Scientists at the U.S. Department of Energy’s Lawrence Berkeley National Laboratory (Berkeley Lab) have made a surprising discovery that could help explain our risk for developing chronic diseases or cancers as we get older, and how our food decomposes over time.
In addition, their findings, which were reported recently in the Proceedings of the National Academy of Sciences, point to an unexpected link between the ozone chemistry in our atmosphere and our cells’ hardwired ability to ward off disease.
“The beauty of nature is that it often decides to use similar chemistries throughout a system, but we never thought that we would find a common link between atmospheric chemistry, and the chemistry of our bodies and food,” said Kevin Wilson (Ph.D. ’03, Chem), the deputy director of Berkeley Lab’s Chemical Sciences Division who led the study. “Our study is the first to explore another chemical pathway that might affect how well the cells in our bodies, and even our food, can respond to oxidative stress such as pollution over time.”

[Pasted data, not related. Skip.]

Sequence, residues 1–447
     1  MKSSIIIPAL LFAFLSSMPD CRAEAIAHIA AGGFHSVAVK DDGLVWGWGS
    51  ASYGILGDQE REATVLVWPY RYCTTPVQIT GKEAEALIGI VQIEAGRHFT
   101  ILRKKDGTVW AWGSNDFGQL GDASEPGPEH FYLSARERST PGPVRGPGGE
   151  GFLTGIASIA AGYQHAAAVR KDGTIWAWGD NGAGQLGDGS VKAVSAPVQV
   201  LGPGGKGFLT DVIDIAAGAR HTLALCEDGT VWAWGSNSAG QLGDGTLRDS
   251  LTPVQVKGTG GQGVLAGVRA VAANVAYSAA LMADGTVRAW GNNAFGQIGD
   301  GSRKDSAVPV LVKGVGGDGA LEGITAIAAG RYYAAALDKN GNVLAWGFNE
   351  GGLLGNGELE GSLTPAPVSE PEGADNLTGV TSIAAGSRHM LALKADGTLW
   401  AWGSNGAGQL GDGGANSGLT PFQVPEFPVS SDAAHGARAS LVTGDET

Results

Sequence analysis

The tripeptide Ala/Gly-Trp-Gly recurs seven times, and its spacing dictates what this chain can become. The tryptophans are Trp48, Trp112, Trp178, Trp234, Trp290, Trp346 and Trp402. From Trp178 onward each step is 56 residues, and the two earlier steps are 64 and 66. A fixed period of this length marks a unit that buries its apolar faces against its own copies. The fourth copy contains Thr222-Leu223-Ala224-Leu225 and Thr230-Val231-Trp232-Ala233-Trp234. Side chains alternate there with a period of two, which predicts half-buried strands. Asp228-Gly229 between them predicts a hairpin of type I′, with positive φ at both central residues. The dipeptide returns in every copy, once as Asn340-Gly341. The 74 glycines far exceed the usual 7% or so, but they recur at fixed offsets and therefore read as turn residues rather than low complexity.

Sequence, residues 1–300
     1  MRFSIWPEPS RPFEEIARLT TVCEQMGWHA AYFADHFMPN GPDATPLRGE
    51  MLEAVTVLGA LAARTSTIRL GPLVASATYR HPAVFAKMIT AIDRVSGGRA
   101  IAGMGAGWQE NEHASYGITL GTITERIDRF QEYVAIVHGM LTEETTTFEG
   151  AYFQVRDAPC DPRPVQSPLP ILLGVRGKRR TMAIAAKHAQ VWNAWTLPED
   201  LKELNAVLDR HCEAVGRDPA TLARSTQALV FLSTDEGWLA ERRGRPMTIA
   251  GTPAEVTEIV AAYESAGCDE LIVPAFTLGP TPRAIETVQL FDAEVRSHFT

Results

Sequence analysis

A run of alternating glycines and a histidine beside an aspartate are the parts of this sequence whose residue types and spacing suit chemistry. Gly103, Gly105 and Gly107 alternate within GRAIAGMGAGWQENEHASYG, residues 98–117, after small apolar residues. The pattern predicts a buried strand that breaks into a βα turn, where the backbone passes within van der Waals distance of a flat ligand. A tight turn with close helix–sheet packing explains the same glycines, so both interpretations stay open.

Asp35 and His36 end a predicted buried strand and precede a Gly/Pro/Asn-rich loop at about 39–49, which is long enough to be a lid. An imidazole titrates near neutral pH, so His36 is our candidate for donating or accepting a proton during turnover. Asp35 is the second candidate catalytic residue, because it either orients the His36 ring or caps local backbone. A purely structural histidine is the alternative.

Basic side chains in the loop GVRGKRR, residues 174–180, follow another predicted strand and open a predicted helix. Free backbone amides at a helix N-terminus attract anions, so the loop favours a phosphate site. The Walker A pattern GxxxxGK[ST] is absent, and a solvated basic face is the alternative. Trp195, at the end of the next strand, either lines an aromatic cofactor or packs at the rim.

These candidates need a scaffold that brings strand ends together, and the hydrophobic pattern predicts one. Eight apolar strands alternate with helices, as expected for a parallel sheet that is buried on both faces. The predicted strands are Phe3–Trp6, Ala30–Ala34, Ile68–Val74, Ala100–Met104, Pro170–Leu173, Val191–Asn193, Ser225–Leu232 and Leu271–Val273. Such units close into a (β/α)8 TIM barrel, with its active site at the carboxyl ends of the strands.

Read about the research here: chemistry.berkeley.edu/chronicdisease